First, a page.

In SAS 9.4 there are a couple of ways that are quicker and simpler than writing your own code (I know, it is not as much fun). In this blog we will look at satisfying two of the most commonly requested metadata reports. Firstly a report of all users and their group and role membership, and secondly a list of all user developed content. Read More »
The Analytics 2015 conference in Las Vegas, Oct. 26 and 27 is designed for you. So why wouldn’t you help choose the content? New this year, we’re asking the analytics community to vote on one data mining and one forecasting topic that they want to hear at the conference. The voting takes place on AllAnalytics.com.
The sessions you can choose from include:
Data mining - open source integration with SAS
Data mining - video data mining
Data mining - ensemble modeling
Forecasting - count series forecasting (for time series that are discretely valued)
Forecasting - multistage models for highly seasonal and/or sparse demand series
I asked our forecasting expert, Ken Sanford and the data mining-meister, Patrick Hall to break it all down for us. These guys are serious about their areas of expertise. Just watch… Read More »
One of the great things that the new Data Mart will do for you is combine data from all the machines found in a multi-machine deployment into one storage area, where it is used to create many of the reports found in the Report Center. This capability began with the 14w41 release (M2) of SAS 9.4. The SAS Environment Manager Data Mart (hereafter called the “data mart”) is part of the new Service Architecture Framework, and it is the part that provides forensic analysis of system usage and capacity, resource allocations, and more. The APM (Audit, Performance, Measurement) part of the data mart contains many of the same functions as the older APM package from previous SAS releases.
But, to combine data from more than one machine into one data mart requires a little fiddling. First, you have to set up file mounts to be able to read the files from the other machines. The files needed are the log files generated by all the SAS servers, from all the different machines in a deployment. Of course it’s assumed that the machines can all see each other on the network, via the domain names.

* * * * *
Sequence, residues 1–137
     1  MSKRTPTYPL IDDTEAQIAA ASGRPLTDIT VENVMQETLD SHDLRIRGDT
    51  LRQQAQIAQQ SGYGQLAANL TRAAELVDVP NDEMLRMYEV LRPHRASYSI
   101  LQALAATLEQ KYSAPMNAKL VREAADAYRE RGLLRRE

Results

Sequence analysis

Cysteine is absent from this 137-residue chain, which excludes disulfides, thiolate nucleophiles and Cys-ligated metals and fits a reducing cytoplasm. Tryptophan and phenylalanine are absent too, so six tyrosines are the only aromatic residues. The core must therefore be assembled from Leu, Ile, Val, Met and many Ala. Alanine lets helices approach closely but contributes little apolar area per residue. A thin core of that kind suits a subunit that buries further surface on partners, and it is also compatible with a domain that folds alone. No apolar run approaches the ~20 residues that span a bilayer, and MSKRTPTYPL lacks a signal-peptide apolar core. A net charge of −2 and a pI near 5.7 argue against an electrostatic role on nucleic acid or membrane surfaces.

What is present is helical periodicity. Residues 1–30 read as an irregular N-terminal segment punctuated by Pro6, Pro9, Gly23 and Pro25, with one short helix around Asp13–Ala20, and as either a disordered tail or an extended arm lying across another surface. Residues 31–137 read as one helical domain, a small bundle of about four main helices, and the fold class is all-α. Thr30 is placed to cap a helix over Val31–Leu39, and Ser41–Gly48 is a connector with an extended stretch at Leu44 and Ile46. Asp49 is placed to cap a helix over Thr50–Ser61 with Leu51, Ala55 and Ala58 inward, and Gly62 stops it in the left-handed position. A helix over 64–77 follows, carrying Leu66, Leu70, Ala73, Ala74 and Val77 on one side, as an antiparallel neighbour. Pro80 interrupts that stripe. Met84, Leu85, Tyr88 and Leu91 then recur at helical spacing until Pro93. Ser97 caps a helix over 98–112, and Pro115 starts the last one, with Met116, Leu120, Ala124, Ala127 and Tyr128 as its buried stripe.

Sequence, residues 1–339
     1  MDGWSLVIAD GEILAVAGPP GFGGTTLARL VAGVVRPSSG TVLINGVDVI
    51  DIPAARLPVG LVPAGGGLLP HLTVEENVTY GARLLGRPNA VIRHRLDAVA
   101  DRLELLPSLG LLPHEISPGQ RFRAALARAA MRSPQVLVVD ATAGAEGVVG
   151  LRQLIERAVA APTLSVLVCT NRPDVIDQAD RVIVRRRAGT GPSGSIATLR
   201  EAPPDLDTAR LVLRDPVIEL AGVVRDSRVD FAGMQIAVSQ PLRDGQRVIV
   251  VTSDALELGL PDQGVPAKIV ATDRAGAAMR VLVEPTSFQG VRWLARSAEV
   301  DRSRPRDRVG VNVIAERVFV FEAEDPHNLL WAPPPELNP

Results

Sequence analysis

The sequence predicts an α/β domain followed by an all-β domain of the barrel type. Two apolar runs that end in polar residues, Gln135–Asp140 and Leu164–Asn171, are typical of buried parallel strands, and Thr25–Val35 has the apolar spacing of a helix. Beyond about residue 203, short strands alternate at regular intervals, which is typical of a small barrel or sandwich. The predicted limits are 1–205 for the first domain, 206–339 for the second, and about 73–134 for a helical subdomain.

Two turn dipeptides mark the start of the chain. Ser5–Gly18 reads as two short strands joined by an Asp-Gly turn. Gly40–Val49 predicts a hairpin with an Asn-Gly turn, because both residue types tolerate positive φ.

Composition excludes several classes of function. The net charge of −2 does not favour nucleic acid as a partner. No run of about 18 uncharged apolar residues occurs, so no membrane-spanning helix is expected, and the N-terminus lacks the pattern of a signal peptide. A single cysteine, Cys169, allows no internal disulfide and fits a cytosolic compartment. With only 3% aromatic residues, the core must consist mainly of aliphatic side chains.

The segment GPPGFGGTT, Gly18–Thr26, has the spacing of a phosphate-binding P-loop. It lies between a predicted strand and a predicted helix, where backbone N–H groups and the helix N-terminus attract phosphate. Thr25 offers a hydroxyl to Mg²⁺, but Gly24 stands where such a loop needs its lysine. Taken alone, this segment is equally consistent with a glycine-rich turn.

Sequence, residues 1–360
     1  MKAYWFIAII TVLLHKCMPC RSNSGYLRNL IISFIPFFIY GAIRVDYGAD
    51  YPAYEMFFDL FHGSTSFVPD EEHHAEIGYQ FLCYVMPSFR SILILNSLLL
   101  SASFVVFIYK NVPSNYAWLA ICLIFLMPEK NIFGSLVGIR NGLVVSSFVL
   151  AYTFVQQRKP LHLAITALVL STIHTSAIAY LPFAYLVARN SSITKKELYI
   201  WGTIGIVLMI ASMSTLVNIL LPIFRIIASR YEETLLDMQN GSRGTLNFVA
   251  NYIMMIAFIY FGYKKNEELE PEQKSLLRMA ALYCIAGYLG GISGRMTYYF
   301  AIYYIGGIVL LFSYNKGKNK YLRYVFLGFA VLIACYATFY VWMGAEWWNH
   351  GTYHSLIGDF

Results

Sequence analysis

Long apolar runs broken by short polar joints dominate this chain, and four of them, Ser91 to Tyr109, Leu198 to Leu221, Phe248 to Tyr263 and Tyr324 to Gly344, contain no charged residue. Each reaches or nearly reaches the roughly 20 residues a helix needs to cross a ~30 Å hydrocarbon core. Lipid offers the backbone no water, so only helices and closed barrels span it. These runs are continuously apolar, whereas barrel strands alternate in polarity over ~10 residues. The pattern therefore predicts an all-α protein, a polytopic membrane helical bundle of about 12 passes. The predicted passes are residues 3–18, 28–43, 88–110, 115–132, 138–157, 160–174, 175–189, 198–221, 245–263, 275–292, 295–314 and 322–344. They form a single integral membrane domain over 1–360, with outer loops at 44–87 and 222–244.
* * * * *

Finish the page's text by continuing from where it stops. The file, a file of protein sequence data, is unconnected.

This is my second blog on the topic of anonymization, which I’ve spent some time over the past several months researching. My first blog, Anonymization for data managers, focused on the technical process. Now let’s dive into the role for analysts, report designers and information owners.
To analysts and reporting experts, anonymization means something quite different. For them, it means the process of rendering personal information non-personal, in much more general terms.
Anonymization in this context includes a wider set of practices for ensuring that personal data is well-governed, and that when summary statistics about a group of individuals are published, the number of individuals making up any one aggregate group is large enough that those individuals cannot be personally identified from the characteristics of the group.
For example, suppose a high school publishes details of its exam results, and breaks them down in several ways as part of a national initiative to be open about its performance, allowing parents and local government to see how the school is performing. The school is at risk of breaching the anonymity of some of their pupils, by inadvertently revealing sensitive personal information about them, if they are not cautious about choosing which figures to publish and which to keep confidential. (There is nothing wrong with calculating those figures, just with publishing them).
Now suppose there are 30 students in a particular class in the school, of whom 15 are male and 15 are female. In the whole class, 6 (1 boy and 5 girls) are in an ethnic group which is in a minority in the school’s local area. The remaining 24 students in the class are from the local majority ethnic group. Read More »
I’ve spent some time over the past couple of months learning more about anonymization.
This began with an interest in the technical methods used to protect sensitive personally-identifiable information in a SAS data warehouse and analytics platform we delivered for a customer. But I learned that anonymization has two rather different meanings; one in the context of data management and another in the context of data governance for reporting, sharing or publishing information.
I think both sides of the topic are interesting enough that it’s worth writing about them – I hope you will find both of them interesting too, as overall, this is a subject about which anyone who handles sensitive or personal data should know something.
To data managers, anonymization often means the technical process of obscuring the values in sensitive fields in the data, by replacing them with equivalent, but non-sensitive values which are still useful for e.g. joining tables, representing individuals in time-series or transactional etc. In some SAS products, eg SAS Federation Server, this is called ‘masking’. Read More »
All code examples are provided as is, without warranty of any kind, either express or implied, including but not limited to the implied warranties of merchantability and fitness for a particular purpose. Recipients acknowledge and agree that SAS Institute shall not be liable for any damages whatsoever arising out of their use of this material. In addition, SAS Institute will provide no support for the materials contained herein.